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3Rs in Covid-19 debate

Two live webinars on the 3Rs in coronavirus research have highlighted the disagreements over the contribution of animal research in the development of vaccines and treatments.

Organised by the 11th World Congress on Alternatives and Animal Use in the Life Sciences, the webinars heard from a wide range of speakers across the debate.

Dr Penny Hawkins, of RSPCA UK, said that while Covid-19 is raising awareness of animal use, and data sharing and collaboration is helping the 3Rs (replace, reduce, refine) there was a downside.

She was concerned that the ‘covidisation’ of research, with many scientists brought in to assist in lab research, would see a race to develop new animal models and mean a lack of rigour and lead to a failure to look for alternative methods instead.

But in his presentation, Jan Willem van der Laan, of European Medicines Agency, stressed that having the best model possible rather than having a replacement is the best way to achieve success in Covid-19 vaccine development.

He added: "The scientific community is under pressure, pressure from the political parties on how to develop a vaccine without extensive animal testing. This is taken seriously but thus far the process is difficult to do without animals due to complexity of immune system."

At the end of the first day of webinars, the discussion included a question by EARA:

“Are there any case studies of European scientists not conforming with current legislation and overlooking the use of alternatives due to the pressure caused by Covid-19 to get research done quickly? Similarly, are there any case studies where the 3Rs haven’t been properly applied for the same reason?”

All the speakers said they did not know of any case, while Christian Desaintes, policy officer, at the EU Commission, replied saying that all projects funded by the EU must go through strict legislation, where approval for the use of animals in research can only be given if there are no suitable alternative methods.

At the final discussion, the audience asked: Can organoids really replace the need for animals in disease study? Thomas Hartung, Director CAAT, Johns Hopkins University, USA, highlighted that using animal models is a wrong approach to study human disease, because “we show a completely different immune response.”

While Mr van der Laan countered by asking how vaccine studies can be set up with no prediction of what immune response can be expected in humans.

Is there a role for the 3Rs in Covid-19 research?

“The evidence is that the EU has a robust system in place, through laws and regulations such as Directive 2010/63, to ensure that it only allows tests with animals where non-animal alternatives do not yet exist. Researchers are working tirelessly under difficult circumstances to combat this pandemic and EARA believes no public or private research organisation would forego the use of validated non-animal methods where they are the most effective and efficient model to achieve the testing needed in Covid-19 research. In addition, the European Medical Agency (EMA) has set up a formal EU expert group on the application of the 3Rs of animal testing which has made a significant contribution towards the elimination of repetitious and unnecessary animal testing within the EU.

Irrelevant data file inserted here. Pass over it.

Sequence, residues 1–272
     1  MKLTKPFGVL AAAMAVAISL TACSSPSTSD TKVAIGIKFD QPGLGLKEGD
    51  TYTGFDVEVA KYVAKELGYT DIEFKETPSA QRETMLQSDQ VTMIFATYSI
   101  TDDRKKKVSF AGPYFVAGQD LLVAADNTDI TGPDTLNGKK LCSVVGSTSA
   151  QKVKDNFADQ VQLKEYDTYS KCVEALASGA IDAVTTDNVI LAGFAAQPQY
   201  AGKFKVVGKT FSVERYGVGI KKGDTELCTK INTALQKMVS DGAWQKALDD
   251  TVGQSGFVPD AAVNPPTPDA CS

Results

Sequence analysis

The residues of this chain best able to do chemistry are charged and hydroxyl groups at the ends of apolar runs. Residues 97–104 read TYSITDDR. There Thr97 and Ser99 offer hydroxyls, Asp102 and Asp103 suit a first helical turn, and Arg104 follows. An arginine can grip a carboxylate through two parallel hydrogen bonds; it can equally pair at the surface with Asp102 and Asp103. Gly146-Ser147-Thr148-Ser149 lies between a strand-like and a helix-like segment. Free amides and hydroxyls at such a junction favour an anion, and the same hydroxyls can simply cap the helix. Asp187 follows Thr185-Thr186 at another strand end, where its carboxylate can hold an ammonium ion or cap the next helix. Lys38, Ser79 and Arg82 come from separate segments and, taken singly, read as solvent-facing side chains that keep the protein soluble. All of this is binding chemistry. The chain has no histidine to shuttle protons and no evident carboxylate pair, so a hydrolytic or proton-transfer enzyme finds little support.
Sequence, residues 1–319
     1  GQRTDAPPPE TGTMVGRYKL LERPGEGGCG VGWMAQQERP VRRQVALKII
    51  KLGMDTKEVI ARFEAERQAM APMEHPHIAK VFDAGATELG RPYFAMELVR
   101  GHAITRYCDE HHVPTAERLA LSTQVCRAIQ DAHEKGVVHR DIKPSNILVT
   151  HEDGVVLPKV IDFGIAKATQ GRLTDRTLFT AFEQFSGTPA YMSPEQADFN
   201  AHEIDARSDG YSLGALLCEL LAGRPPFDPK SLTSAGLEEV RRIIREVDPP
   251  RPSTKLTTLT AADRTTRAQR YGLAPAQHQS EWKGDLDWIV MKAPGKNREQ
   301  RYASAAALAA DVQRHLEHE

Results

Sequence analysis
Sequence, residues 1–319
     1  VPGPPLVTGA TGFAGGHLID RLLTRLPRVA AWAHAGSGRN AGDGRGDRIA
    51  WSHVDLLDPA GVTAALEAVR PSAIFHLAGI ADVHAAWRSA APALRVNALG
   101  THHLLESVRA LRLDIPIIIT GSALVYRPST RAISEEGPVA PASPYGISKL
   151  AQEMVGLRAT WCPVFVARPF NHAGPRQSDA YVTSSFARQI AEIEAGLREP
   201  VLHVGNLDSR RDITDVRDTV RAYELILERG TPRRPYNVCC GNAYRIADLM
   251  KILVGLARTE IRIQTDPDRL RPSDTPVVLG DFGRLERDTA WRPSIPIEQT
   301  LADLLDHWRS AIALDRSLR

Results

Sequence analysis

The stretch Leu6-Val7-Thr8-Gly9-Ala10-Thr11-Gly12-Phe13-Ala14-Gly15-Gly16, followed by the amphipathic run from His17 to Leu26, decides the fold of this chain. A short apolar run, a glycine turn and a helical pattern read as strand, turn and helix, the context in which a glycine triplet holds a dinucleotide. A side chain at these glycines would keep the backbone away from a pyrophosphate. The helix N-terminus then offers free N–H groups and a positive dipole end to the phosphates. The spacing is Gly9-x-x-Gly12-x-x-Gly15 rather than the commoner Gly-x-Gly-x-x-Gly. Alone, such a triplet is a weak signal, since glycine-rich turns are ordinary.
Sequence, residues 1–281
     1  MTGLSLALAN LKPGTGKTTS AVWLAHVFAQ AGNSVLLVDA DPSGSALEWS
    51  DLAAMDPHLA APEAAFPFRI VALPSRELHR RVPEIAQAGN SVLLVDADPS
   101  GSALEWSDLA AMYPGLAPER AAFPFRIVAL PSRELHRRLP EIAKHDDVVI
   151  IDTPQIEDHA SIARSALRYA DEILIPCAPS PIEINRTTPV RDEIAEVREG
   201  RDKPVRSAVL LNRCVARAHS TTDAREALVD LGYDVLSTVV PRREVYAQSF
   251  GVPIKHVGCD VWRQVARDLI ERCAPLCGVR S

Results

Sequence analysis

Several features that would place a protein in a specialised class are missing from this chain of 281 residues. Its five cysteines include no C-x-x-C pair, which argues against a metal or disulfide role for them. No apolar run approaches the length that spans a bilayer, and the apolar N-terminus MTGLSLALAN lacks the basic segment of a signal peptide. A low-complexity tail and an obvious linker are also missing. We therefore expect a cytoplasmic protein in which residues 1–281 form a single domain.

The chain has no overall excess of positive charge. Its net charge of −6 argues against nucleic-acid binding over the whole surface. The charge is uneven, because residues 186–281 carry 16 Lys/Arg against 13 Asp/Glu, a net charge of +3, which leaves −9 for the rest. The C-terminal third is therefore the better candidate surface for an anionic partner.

The EMA has also, under the umbrella of the International Coalition of Medicines Regulatory Authorities (ICMRA) of all global medicine regulators, a plan to map out data requirements for phase 1 COVID-19 vaccine trials and to discuss the preclinical data required to support proceeding to first-in-human (FIH) clinical trials, including what animal studies would not need to be conducted prior to proceeding to FIH clinical trials.
EARA also believes that during the global pandemic it would be short-sighted to turn away from such a well-characterised and available research techniques such as animal-derived antibodies. There are already many examples throughout the pandemic of how animal-derived antibodies have pushed forward both basic and therapeutic research for Covid-19. Moving away from this in favour of animal-free techniques that are not yet well established, or readily available throughout the research community, would be premature.”

This is the EARA response to the question Is there a role for the 3Rs in Covid-19 research? which has been posed on the WC11 website. Contributions are being sought from researchers everywhere with the answers posted each week on the website. What is your opinion?

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